Inadmissibility decision in Bonnaud and Lecoq v. France – should the Court have recognized the specificity of a same-sex relationship?

By Pieter Cannoot, PhD researcher at the Human Rights Centre of Ghent University

On 6 February 2018, the European Court of Human Rights declared the application of Francine Bonnaud and Patricia Lecoq, two French women who were in a relationship at the time of the relevant facts, manifestly ill-founded. The application concerned the refusal by the domestic courts to grant the request by both women to delegate parental authority over their respective biological child to their partner. Although the Court prima facie seems to have come to a logical decision, the question arises whether the application was accurately framed to deal with the substantive issue at stake, i.e. the discrimination of same-sex couples regarding parental rights. Continue reading

The best interests of the child in deportation cases: An analysis of Ejimson v. Germany

By Dr. Mark Klaassen, Assistant professor at the Institute of Immigration Law (Leiden University)

Introduction

On 1 March 2018, the Fifth Section of the Court unanimously held in Ejimson v. Germany that the revocation of the right of residence in Germany of a Nigerian national after being criminally convicted for a drugs related offence did not breach Germany’s obligation to respect the private and family life of the applicant. Considering the character of the offence committed by the applicant the ruling may not come as a surprise as the Court is generally very strict in public order immigration cases in which the applicant has committed a drugs related offence. However, the reasoning of the Court is interesting for a number of reasons. After discussing the facts of the case and the judgment of the Court, I will analyse the ruling on three different aspects. Firstly, the role of the best interests of the child concept in the balancing of interests will be discussed. Secondly, the relationship between the right to respect for family life under Article 8 ECHR and the protection against expulsion under EU law will be assessed. Thirdly, I will shortly reflect on the manner in which the Court seems to redirect the case back to national decision makers. Continue reading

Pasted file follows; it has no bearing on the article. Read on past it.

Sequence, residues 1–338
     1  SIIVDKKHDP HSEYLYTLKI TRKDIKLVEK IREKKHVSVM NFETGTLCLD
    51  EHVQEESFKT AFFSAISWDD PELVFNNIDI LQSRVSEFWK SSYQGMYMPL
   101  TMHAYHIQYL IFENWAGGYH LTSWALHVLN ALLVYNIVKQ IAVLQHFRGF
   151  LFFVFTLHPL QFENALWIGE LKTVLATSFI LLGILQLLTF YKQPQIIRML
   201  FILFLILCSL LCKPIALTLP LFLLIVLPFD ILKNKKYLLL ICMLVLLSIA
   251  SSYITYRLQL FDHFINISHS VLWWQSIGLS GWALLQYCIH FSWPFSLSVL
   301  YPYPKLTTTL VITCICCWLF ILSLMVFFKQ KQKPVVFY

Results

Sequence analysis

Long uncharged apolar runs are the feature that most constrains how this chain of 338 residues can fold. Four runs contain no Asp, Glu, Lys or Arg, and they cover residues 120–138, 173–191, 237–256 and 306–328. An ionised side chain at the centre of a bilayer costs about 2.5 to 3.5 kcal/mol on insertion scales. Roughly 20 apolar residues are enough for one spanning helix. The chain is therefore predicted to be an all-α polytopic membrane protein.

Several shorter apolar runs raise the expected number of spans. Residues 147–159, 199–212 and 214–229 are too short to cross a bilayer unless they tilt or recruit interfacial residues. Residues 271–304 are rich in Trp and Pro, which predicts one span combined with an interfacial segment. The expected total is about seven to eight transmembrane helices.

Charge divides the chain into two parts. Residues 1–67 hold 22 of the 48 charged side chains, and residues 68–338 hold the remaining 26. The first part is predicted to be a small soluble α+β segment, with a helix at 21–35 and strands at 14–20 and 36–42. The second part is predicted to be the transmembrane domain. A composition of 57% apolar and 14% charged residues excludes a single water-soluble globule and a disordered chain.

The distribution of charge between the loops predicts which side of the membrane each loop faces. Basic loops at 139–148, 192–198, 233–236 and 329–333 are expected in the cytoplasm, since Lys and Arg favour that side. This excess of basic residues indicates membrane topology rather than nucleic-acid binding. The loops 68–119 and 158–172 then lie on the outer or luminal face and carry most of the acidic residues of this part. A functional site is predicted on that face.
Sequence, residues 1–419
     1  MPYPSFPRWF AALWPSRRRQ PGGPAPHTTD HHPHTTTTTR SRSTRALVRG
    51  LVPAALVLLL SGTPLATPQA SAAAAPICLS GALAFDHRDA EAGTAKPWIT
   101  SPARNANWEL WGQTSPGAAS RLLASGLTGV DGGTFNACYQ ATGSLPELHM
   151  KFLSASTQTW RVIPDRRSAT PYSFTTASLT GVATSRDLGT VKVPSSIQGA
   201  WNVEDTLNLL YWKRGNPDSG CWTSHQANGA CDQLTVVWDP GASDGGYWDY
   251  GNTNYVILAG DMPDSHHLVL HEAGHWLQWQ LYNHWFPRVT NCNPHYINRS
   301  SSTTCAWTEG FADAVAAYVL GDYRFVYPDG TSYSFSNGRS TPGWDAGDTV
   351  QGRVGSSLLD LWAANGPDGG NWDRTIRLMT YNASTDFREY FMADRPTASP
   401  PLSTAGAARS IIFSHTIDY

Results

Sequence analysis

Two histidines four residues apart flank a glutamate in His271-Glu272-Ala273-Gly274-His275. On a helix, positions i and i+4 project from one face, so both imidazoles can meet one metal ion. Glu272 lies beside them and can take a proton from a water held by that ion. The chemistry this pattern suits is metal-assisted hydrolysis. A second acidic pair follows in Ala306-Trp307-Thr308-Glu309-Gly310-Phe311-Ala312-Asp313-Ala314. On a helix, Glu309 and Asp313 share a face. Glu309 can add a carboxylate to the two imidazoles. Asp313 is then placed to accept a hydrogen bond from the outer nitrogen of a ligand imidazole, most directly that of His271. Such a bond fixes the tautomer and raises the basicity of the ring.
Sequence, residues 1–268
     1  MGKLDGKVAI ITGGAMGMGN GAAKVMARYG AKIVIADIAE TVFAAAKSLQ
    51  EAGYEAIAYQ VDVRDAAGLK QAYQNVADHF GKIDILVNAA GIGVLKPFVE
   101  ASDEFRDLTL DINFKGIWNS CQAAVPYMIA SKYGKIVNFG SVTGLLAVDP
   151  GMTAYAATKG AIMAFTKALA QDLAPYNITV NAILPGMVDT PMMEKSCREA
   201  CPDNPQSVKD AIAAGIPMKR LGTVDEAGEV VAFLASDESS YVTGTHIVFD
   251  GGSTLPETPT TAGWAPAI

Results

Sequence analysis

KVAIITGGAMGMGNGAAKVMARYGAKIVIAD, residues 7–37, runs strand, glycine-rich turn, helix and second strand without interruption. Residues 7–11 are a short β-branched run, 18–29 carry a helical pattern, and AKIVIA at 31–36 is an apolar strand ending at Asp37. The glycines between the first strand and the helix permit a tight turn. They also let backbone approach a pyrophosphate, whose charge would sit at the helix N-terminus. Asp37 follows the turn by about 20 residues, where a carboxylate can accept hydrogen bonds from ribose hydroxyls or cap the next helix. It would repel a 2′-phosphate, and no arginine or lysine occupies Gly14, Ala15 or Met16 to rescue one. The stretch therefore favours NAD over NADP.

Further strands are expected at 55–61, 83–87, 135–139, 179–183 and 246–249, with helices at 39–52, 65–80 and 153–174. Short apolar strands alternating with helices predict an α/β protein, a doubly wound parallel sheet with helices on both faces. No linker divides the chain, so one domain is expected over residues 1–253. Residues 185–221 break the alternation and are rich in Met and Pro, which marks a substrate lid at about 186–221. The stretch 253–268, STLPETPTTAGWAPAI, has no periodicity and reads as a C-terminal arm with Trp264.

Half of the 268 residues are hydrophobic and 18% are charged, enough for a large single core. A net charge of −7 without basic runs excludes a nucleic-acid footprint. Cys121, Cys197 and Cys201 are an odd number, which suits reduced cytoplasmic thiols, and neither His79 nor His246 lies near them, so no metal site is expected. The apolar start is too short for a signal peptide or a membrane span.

M.K. v. Greece – Implementing children’s rights in legal proceedings following an international parental abduction.

By Sara Lembrechts – Researcher at University of Antwerp & Policy Advisor at Children’s Rights Knowledge Centre (KeKi), Belgium

Summary

In the Chamber judgment M.K. v Greece of 1 February 2018 (application no. 51312/16), the European Court of Human Rights decided by a majority of five votes to two that the applicant’s right to family life under Article 8 ECHR had not been violated. The case concerns the inability of M.K., mother of two children, to exercise custody over her son A., despite various court decisions granting her this right. The Court, faced with the difficult task of balancing different rights and interests in this very sensitive area of family law, could not establish a violation of the Convention. Whereas the applicant was prevented from exercising her right to family life, returning A. to his mother in accordance with the 1980 Hague Convention and the Brussels IIbis Regulation would be against the child’s wishes and best interests. This conclusion challenges the boundaries of national authorities’ positive and negative obligations to protect the applicant’s rights under Art. 8 ECHR.   Continue reading